Stracing snap commands


Using strace with snaps is sometimes frustrating because of how snap commands are launched and the resulting flow of execution. Here is a high-level overview:

  • /snap/bin/hello-world is a symlink to /usr/bin/snap
  • when /snap/bin/hello-world is run, the snap command looks at argv[0] to determine what snap the command belongs to, it then sets up the snap’s environment based on that and then calls snap-confine with appropriate arguments for running the command under confinement
  • snap-confine examines its arguments and launches the snap command under whatever confinement is available using execv() via snap-exec

As such, something along the lines of the following is what most people try:

$ strace -f -D -vv -o ./hello-world.trace /snap/bin/hello-world.env
need to run as root or suid

Because snap-confine is setuid root, strace is saying that you must run it as root[1]. You may of course give the -u option to have strace drop privileges to the user. Eg:

$ sudo strace -u <your username> -f -D -vv -o ./hello-world.trace /snap/bin/hello-world

What is interesting and annoying is that most of the time, the above command will hang and this has to do with stracing a setuid executable. One day I decided to strace the command out of /snap/bin and running the command directly out of /snap/<snap>/current/bin and compared the output and I found that certain syscalls hang such that if I remove them using the -e option, I could get reliable straces. Now the invocation is:

$ sudo strace -u <your username> -e '!select,pselect6,_newselect,clock_gettime' -f -D -vv -o ./hello-world.trace /snap/bin/hello-world
Hello World!

The above is known to work on amd64 and armhf, so it’s possible other calls should be removed (please comment in this post if you find others that should be omitted). Of course, you can also use -e to specify only the syscalls you want and so long as you don’t include the problematic syscalls, it should work fine. Eg:

$ sudo strace -u <your username> -e 'open,mmap,mmap2' -f -D -vv -o ./hello-world.trace  /snap/bin/hello-world

Hopefully this will help you debug your snaps. Happy stracing!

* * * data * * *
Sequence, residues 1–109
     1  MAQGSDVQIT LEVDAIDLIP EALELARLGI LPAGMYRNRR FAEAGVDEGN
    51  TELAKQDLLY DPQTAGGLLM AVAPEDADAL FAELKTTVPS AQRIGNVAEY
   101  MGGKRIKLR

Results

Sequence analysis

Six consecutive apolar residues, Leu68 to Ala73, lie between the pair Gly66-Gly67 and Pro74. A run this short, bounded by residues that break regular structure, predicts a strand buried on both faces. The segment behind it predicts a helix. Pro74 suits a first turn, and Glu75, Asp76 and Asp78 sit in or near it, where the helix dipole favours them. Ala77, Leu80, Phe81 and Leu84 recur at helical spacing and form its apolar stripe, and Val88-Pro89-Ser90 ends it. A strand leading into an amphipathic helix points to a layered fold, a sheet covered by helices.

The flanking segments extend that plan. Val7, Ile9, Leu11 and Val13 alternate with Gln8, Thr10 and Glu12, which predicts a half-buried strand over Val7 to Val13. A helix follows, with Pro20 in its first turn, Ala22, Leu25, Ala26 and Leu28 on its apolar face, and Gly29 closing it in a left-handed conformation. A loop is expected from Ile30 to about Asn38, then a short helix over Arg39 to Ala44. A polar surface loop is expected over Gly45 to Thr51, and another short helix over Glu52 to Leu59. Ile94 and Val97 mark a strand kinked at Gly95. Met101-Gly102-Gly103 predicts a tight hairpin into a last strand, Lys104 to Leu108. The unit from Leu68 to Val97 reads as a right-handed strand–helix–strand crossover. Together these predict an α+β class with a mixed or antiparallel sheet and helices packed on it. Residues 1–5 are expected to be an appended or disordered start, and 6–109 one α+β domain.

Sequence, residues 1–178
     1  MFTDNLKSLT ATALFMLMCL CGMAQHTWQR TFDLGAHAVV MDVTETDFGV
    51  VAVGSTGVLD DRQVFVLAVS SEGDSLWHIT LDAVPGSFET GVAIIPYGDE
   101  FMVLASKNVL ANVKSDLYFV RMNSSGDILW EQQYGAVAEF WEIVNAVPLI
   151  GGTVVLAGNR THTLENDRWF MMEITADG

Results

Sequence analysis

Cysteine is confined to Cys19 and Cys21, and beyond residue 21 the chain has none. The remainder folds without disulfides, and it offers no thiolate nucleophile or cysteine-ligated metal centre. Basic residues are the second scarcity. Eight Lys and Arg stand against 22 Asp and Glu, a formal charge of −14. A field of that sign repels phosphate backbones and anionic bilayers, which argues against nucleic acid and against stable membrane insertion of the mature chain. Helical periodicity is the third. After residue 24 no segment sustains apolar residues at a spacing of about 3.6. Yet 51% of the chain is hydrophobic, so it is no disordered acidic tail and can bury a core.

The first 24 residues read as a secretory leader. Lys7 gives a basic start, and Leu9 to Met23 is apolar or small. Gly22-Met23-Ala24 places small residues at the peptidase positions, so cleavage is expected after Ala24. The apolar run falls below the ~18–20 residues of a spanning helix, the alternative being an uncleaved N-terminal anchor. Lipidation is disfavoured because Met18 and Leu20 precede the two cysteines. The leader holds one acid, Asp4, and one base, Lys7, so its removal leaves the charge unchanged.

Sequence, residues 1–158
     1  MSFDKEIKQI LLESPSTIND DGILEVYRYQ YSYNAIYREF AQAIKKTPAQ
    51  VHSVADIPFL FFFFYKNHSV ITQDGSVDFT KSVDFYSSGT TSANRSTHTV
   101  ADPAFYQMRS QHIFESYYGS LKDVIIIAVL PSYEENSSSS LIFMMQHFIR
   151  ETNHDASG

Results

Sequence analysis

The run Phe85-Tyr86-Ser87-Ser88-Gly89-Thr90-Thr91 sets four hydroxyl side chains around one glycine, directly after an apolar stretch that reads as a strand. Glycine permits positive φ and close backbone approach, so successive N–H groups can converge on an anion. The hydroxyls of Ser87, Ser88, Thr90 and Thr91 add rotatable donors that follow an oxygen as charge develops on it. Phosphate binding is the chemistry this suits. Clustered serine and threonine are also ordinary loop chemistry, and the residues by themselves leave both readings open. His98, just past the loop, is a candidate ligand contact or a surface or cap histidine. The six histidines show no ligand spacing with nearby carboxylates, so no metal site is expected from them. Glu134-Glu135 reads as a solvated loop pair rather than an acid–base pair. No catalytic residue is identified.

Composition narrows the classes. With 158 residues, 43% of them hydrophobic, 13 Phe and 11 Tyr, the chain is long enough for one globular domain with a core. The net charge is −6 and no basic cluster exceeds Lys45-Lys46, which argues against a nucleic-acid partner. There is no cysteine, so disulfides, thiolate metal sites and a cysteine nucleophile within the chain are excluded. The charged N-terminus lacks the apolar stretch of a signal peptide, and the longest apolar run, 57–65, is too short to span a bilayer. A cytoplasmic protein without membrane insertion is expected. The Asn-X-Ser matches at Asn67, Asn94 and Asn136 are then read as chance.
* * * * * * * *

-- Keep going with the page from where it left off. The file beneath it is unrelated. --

[1] You might also be interested how the kernel might limit who can ptrace what. Many systems these days limit the use of ptrace to processes of the calling user. This can be temporarily adjusted using the kernel.yama.ptrace_scope sysctl. Eg:

$ sysctl kernel.yama.ptrace_scope  # show current value
kernel.yama.ptrace_scope = 1
$ sudo sysctl -w kernel.yama.ptrace_scope=0 # disable ptrace_scope
kernel.yama.ptrace_scope = 0

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@dmitriis - fyi, this is what we talked about the other day.


@jdstrand, thanks a lot, very useful information! I will definitely use that in practice as I have to do a lot of stracing.


Thanks for those details, @jdstrand.

We recently discussed the idea of integrating strace and gdb support as first class features. The idea would be running a command similar to:

$ snap run --strace

Or alternatively if we want to allow providing arbitrary flags into strace:

$ snap strace [options]

Same idea for gdb, except we may need some more integration to have that one working smoothly.

Would anyone be interested in working on this sooner rather than later?


FYI, pselect6 should also be excluded. I’ve updated the post to reflect that.


I see that parts of this are landing in master now, could we perhaps also have an option to turn it off for production Ubuntu Core images ?

If an attacker gets in we shouldnt also give him the tools for reverse engineering that pre-installed proprietary app snap right out of the box (worse enough that he got into the device :stuck_out_tongue: ).

Or am I to worried here ?


Is there really a situation where an attacker, who is already accessing your device, would be thwarted by switching this off? As a user, I’d love to be able to run strace and (especially) gdb on snapped apps when trying to work out what has gone wrong. Having more hoops to jump through isn’t much fun :wink:


as a user you would not have to bother… but as a security anxious customer you perhaps want an option (i.e. in the gadget snap) to disable this feature on your IoT gateway images …


We can certainly add an option to disable this. However if an attacker gets into the system this attacker will usually have a toolbox available via scp or wget to get strace,gdb and more. So even if we stop snap run --strace we probably won’t stop the attacker from running strace.


Running strace is now supported directly via snap run --strace in 2.31.


I’ve used this yesterday! So nice. Thank you so much!


While going through the process of debugging an application crash today I saw many steps that could be automated, so I filed a bug in apport and it made me wonder how this would be solved for snap packages? Should all debug symbols be included in the snap? In another snap?


Depending on your needs, you can ship the debug symbols with the snap, or you can use a content interface and expose the symbols to the snap as needed. In the future we’ll have a first class mechanism for that, similar to how we just sorted out stracing, but for now it’s okay to just pick one of those choices.


I’ve decided my crush for today is @mvo. hug


Passing options is possible with the upcoming 2.32. This works via:

snap run --strace="-tt -r"


The snapd roadmap

Hello, what about ltrace?


It’s currently unsupported. Should be straightforward to add just looking at the strace implementation.